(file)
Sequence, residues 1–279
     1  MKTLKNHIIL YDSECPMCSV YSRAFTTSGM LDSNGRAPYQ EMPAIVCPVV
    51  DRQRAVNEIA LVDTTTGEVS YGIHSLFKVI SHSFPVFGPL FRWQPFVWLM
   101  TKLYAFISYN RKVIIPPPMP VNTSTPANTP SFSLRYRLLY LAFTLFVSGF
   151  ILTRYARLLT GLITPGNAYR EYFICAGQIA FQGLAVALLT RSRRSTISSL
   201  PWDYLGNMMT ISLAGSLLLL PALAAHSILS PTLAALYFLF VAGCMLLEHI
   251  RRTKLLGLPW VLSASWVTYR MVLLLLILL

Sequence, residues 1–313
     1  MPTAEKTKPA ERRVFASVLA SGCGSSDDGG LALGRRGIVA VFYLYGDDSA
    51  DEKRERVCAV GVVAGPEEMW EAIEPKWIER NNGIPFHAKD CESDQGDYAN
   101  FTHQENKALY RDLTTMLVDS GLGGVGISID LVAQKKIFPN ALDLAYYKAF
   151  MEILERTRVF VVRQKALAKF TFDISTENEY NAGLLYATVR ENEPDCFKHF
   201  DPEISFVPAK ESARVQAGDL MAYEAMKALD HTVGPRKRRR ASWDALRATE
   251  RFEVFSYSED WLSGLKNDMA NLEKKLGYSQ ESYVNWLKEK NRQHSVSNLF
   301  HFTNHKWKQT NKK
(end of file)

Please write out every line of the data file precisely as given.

Sequence, residues 1–279
     1  MKTLKNHIIL YDSECPMCSV YSRAFTTSGM LDSNGRAPYQ EMPAIVCPVV
    51  DRQRAVNEIA LVDTTTGEVS YGIHSLFKVI SHSFPVFGPL FRWQPFVWLM
   101  TKLYAFISYN RKVIIPPPMP VNTSTPANTP SFSLRYRLLY LAFTLFVSGF
   151  ILTRYARLLT GLITPGNAYR EYFICAGQIA FQGLAVALLT RSRRSTISSL
   201  PWDYLGNMMT ISLAGSLLLL PALAAHSILS PTLAALYFLF VAGCMLLEHI
   251  RRTKLLGLPW VLSASWVTYR MVLLLLILL

Sequence, residues 1–313
     1  MPTAEKTKPA ERRVFASVLA SGCGSSDDGG LALGRRGIVA VFYLYGDDSA
    51  DEKRERVCAV GVVAGPEEMW EAIEPKWIER NNGIPFHAKD CESDQGDYAN
   101  FTHQENKALY RDLTTMLVDS GLGGVGISID LVAQKKIFPN ALDLAYYKAF
   151  MEILERTRVF VVRQKALAKF TFDISTENEY NAGLLYATVR ENEPDCFKHF
   201  DPEISFVPAK ESARVQAGDL MAYEAMKALD HTVGPRKRRR ASWDALRATE
   251  RFEVFSYSED WLSGLKNDMA NLEKKLGYSQ ESYVNWLKEK NRQHSVSNLF
   301  HFTNHKWKQT NKK